cover image How to Write a Thesis

How to Write a Thesis

Umberto Eco, trans. from the Italian by Caterina Mongiat Farina and Geoff Farina. MIT, $19.95 trade paper (256p) ISBN 978-0-262-52713-2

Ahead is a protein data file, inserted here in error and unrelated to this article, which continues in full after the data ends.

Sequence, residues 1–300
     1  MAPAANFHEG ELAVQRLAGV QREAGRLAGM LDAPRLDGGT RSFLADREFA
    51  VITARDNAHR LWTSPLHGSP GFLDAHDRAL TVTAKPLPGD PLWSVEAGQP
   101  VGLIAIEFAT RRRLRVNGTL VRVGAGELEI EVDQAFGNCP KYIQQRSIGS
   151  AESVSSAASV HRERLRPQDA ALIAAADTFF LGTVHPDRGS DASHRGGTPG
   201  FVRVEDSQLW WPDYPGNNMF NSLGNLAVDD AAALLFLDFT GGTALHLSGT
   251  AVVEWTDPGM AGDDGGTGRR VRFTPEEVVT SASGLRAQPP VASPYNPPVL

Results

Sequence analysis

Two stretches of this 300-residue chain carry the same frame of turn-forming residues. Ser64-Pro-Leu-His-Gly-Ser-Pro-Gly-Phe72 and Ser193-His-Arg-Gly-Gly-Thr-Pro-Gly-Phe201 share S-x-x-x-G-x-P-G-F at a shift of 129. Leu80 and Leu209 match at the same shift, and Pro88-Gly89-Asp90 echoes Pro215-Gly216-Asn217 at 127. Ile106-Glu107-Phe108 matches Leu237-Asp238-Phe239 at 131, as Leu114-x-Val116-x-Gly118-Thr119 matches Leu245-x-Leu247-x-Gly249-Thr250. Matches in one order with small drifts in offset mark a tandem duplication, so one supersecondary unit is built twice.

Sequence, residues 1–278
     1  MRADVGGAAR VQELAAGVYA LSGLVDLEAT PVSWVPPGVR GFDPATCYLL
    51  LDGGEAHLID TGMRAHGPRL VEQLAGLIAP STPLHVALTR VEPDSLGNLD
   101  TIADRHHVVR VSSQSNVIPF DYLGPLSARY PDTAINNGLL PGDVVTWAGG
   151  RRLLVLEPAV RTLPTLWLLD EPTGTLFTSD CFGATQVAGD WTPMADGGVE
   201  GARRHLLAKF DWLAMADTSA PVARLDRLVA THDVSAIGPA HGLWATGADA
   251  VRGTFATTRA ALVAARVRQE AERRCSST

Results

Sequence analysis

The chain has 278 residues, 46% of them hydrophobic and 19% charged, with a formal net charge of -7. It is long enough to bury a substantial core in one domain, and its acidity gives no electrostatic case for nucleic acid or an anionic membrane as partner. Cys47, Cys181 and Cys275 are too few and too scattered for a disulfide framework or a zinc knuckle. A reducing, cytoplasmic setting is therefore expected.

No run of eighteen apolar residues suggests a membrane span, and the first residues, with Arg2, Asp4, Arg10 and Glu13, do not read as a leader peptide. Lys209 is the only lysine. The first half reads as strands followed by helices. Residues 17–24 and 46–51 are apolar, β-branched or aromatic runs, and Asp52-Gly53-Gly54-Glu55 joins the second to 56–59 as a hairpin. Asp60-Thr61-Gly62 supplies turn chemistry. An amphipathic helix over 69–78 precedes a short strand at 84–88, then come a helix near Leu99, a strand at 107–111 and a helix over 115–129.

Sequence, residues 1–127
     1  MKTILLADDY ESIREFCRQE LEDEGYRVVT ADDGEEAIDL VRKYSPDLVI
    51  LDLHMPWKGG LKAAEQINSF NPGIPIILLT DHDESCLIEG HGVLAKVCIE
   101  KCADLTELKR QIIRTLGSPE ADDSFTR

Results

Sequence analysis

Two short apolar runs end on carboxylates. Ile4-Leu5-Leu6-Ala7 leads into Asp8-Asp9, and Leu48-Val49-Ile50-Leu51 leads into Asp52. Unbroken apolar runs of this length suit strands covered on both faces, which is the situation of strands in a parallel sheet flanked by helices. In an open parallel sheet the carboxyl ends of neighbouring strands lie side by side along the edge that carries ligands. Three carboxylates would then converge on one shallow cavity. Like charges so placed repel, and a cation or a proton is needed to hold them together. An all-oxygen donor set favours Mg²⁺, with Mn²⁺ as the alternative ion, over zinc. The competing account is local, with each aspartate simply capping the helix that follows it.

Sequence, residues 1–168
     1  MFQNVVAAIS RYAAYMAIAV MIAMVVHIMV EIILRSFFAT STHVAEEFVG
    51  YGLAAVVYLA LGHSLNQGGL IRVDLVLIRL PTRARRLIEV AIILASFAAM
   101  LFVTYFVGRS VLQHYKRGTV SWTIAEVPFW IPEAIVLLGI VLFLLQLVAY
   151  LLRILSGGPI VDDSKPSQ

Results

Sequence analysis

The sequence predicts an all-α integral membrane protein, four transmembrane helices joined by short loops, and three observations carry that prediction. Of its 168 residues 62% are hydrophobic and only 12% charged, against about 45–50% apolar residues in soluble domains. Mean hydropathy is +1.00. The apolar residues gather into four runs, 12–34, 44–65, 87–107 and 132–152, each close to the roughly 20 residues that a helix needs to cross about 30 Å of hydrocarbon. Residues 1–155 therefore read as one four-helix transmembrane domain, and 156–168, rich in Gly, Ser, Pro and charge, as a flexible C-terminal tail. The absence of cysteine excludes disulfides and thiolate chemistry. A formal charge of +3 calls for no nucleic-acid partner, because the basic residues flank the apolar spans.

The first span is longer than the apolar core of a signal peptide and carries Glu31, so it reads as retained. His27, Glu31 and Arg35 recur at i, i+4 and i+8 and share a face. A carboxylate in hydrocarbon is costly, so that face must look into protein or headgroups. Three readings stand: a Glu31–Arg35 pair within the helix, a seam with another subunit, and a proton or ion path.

Although first published in Italian in 1977, before Eco (The Name of the Rose) became an internationally renowned novelist, this guide to writing a thesis—originally aimed at Italian humanities undergraduates—brims with practical advice useful for writing research papers. Stating up front that “the topic is secondary to the research method and the actual experience of writing a thesis,” Eco walks the reader through the process of starting and completing a thesis, including selecting a topic, conducting research from primary and secondary sources, compiling a reference bibliography, and drafting and revising the final paper. He doles out his dollops of advice in chapters whose numbered sections and subsections themselves approximate the structure of a thesis, and he often enlivens his potentially dry subject matter with impish humor—for example, Eco describes photocopies that students make but fail to read as “a neocapitalism of information.” His advocacy of index card files to organize data seems quaintly nostalgic in the age of laptops and online databases, but it only underscores the importance of applying these more sophisticated tools to achieve the thoroughness of the results that he advocates. (Mar.)